Classical Beer Review: Alvinne & Boundary Brewing Phi ³

When team BCS did Brussels recently, I was not disappointed by my first-ever Alvinne beer (Sigma – see previous post). Upon returning to Amsterdam, I found some of their other beers on draft at my new favorite beer bar Foeders and luckily for me, one of them was also Classically-themed!

Phi ³ is actually a collaboration between Alvinne and Boundary Brewing. It was brewed to celebrate the three-year-anniversary of the Belgian Beer Blog Smaak. Phi ³ is a take on Alvinne’s regular Phi, a blonde sour ale that happens to also serve as the base beer for the barrel-aged Cuvée Sofie. The difference between Phi ³ and the regular Phi is that the former has been mashed three times and is barrel-aged. To boot, the third mash was done in a wine barrel, with spruce tips added for the lautering. The result is a beautifully complex ale! Phi has notes of funk, blueberry, and honey in the nose. It tastes slightly tangy, honey sweet and fruity – mainly peach. The beer really smells like wild yeast and some of the unhopped brews we have been experimenting with here at BCS. Overall, a delicious concoction!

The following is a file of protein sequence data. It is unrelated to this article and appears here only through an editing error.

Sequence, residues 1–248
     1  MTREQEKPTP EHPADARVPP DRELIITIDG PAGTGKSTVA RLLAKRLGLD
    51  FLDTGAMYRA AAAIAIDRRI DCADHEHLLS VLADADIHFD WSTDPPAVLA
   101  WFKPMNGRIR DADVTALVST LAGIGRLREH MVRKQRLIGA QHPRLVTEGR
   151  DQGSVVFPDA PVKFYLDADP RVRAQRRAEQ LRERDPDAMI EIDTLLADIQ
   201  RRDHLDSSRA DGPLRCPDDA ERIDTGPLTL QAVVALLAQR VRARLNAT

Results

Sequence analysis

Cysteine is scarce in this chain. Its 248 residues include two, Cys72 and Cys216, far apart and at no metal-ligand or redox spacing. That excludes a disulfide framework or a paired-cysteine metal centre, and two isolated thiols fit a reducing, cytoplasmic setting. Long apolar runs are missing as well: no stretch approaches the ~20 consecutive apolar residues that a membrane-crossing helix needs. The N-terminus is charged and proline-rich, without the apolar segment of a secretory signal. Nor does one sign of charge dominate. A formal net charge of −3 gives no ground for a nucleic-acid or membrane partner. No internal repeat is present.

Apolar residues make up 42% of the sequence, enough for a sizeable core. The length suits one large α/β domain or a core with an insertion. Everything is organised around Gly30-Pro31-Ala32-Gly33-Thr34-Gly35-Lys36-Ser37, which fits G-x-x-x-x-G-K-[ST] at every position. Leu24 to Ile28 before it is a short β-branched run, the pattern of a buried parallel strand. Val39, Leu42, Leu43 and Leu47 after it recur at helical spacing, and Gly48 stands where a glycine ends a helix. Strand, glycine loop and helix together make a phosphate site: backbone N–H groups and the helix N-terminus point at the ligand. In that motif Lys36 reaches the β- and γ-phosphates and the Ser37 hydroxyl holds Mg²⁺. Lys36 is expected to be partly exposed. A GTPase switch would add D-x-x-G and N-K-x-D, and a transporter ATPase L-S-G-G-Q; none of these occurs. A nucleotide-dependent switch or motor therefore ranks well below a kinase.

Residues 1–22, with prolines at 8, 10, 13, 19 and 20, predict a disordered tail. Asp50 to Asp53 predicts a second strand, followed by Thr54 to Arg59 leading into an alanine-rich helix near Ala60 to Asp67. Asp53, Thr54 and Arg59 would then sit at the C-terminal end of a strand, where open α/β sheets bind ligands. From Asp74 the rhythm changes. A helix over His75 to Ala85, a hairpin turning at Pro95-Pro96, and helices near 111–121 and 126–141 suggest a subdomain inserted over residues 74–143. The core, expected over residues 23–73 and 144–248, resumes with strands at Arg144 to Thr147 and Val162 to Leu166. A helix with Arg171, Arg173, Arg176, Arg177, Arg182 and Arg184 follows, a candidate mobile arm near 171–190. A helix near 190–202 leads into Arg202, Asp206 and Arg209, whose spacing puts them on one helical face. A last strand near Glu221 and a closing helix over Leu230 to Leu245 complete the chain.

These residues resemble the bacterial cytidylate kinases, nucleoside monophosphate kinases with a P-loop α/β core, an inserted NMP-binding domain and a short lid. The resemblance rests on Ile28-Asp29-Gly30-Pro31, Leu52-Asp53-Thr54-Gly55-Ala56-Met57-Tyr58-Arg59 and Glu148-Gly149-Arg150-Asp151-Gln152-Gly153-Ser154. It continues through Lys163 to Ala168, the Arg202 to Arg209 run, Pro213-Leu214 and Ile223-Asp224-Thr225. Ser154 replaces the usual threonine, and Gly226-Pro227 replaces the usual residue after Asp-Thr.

At BCS, we have been slowly drinking our way through the Greek alphabet. As noted in previous posts, we had various Alpha’s (1, 2, 3), a Zita, a Thita, the already mentioned Sigma and, now, there’s Phi. Phi is the Greek equivalent of our ‘F’ but is more accurately described as ‘Ph’. The uppercase is Φ and the lowercase is φ.

Unlike many of the previously discussed letters, the origin of the letter Phi is not certain because it has no direct Phoenician equivalent. Together with ξ and ψ, φ is known as a ‘supplemental’ – an addition to the original Phoenician alphabet by the ancient Greeks for sounds in the Greek language that had no Phoenician equivalent. While in this sense the Phi may be considered a new invention, one theory is that the inspiration for this new letter did indirectly come from Phoenician after all.

The Greek Phi closely resembles the Phoenician Qoph, a letter used to denote a ‘q’ sound. The Phoenician Qoph was originally adopted in ancient Greek as the Koppa for the ‘k’, but this letter was soon replaced by the Kappa (Κ, κ) – which is also derived from Phoenician. Perhaps with Kappa replacing Koppa, it was easy enough to slightly modify the symbol in order to invent Phi. This new letter would allow the ancient Greeks to write the word we associate them with today: φιλοσοφία (philosophy – lit. ‘love of wisdom’).


11% ABV
Brewed by: Brouwerij Alvinne & Boundary Brewing


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